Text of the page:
Jörg Petri and Daniel Büning's Berlin-based NOWlab studio is no stranger to experimentation and outside-the-box design (see their recent glacier-inspired biodegradable furniture), but their new architectural venture fulfils the 'WOW' principle of their remit with particular aplomb.
The interdisciplinary practice's Haus JJ – located on the fourth and fifth floors of a terraced pile in the central Berlin district of Kreuzberg – is a two floor, modernist family home arranged around a central 'pivot point' hall that connects the levels by way of a spiral staircase.
It's not a hugely expansive space, but the the delineation of the floors as private (the fourth, comprising bedrooms and study areas) and public (the fifth, housing an open-plan kitchen/lounge/dining area, a clean slatted partition wall and access to a terrace) brings cohesion to the apartment.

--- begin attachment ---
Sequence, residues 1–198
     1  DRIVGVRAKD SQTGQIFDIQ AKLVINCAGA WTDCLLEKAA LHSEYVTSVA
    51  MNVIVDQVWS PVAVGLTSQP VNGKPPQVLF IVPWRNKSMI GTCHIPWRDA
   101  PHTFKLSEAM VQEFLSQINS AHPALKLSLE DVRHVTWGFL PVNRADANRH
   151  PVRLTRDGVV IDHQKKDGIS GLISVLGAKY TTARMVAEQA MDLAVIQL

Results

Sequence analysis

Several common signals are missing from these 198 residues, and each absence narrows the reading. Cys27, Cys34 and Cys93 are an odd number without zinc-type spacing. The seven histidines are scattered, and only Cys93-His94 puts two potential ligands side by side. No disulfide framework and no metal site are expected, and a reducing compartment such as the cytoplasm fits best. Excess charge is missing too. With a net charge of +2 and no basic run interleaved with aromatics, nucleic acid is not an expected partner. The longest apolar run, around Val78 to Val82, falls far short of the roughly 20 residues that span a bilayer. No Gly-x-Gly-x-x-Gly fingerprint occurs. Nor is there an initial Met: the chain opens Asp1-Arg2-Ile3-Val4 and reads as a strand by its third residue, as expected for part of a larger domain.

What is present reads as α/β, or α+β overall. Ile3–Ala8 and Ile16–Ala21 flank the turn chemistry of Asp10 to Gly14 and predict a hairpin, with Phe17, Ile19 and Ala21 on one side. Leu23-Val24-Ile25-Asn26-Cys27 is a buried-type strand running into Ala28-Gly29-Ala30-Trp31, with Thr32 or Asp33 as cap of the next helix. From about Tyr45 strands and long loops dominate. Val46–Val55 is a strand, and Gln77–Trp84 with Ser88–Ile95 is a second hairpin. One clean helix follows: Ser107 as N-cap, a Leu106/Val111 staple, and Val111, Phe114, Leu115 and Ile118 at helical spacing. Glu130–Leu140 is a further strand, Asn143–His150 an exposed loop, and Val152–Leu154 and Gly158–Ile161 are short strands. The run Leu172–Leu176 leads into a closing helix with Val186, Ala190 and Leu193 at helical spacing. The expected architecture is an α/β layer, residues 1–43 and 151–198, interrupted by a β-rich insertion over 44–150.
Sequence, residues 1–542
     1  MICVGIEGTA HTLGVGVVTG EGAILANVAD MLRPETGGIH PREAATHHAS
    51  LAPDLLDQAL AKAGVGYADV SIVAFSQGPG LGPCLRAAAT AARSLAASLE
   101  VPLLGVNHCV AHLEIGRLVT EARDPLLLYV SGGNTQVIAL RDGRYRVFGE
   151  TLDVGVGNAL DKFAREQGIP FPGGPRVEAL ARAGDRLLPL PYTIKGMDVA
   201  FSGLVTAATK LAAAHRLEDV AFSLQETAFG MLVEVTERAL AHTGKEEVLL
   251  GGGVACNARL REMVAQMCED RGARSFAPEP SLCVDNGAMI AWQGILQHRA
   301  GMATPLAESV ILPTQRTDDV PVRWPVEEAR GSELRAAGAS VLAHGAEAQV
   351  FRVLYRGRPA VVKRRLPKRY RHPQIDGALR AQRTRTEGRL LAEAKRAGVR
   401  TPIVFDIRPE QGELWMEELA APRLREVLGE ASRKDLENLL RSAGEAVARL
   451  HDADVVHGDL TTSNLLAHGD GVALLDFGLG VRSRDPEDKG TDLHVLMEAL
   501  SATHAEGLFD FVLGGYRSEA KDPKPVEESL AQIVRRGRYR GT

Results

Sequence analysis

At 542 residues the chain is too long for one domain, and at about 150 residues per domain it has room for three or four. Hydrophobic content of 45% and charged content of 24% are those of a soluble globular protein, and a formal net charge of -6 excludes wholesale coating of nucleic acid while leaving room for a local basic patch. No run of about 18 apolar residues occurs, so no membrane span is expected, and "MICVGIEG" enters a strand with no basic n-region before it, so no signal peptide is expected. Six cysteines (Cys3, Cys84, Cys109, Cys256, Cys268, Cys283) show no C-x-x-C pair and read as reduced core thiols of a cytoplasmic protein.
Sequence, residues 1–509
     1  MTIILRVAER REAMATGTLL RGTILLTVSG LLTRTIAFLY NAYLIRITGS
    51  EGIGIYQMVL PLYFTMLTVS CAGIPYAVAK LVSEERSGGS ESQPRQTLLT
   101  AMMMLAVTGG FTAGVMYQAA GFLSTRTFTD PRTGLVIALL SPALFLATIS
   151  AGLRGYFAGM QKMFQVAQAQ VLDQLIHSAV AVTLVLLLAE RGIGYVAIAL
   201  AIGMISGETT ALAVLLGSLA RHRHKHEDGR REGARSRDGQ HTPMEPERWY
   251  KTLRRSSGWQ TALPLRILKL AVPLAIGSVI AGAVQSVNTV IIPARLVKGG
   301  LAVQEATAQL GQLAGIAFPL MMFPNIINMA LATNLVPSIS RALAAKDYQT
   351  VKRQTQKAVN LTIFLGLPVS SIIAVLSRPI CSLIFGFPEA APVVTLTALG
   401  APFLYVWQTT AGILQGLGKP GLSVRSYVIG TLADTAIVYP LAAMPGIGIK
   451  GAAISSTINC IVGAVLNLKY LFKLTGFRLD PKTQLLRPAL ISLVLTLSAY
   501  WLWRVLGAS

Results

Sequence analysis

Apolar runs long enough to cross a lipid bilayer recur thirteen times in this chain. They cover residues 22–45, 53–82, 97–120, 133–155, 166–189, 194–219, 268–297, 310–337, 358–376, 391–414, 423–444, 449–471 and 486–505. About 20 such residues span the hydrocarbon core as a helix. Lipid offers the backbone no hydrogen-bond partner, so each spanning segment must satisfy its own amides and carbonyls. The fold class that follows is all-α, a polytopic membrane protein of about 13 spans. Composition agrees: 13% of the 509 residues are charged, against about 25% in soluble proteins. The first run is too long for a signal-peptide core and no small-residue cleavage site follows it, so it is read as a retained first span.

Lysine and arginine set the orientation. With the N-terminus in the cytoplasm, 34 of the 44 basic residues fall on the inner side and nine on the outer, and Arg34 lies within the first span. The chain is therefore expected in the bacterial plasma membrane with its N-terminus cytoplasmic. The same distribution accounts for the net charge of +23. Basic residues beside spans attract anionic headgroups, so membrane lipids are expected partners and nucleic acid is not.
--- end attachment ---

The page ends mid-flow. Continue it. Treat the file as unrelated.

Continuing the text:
So far, so pleasantly conventional, but Haus JJ's real draw comes with the more nuanced aesthetic and functional elements of NOWlab's design. The inclusion of a sliding door to open the workspace up to the hall allows for a degree of modular customisation, and the wood-clad spiral staircase (the rope bannister is a neat detail) was always going to be a crowdpleaser; but it's the subtle touches of a colourful, organic floor design inspired by the sprawling growth of the wine plant on the building's exterior wall and the consistent, curved rhomboid form of the stairwell and skylight above that show real design nous.
Best of all is the resolutely child-unfriendly sliding pole that connects the fifth-floor's 'secret room' and the fourth's work space. 'The fire pole creates an efficient and easy-to-use circulation loop between the two,' NOWlab explains; a (one assumes) puckish statement that exemplifies Petri and Büning's charming – and, at times, irreverent – design approach.